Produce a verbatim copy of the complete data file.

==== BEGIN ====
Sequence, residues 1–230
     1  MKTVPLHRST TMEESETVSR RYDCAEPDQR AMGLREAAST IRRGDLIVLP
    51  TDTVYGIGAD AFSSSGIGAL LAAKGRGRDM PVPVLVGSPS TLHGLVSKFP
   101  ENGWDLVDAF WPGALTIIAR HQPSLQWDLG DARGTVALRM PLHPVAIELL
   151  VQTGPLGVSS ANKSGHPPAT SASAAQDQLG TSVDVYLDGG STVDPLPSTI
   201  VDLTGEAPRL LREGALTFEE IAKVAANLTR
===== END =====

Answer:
Sequence, residues 1–230
     1  MKTVPLHRST TMEESETVSR RYDCAEPDQR AMGLREAAST IRRGDLIVLP
    51  TDTVYGIGAD AFSSSGIGAL LAAKGRGRDM PVPVLVGSPS TLHGLVSKFP
   101  ENGWDLVDAF WPGALTIIAR HQPSLQWDLG DARGTVALRM PLHPVAIELL
   151  VQTGPLGVSS ANKSGHPPAT SASAAQDQLG TSVDVYLDGG STVDPLPSTI
   201  VDLTGEAPRL LREGALTFEE IAKVAANLTR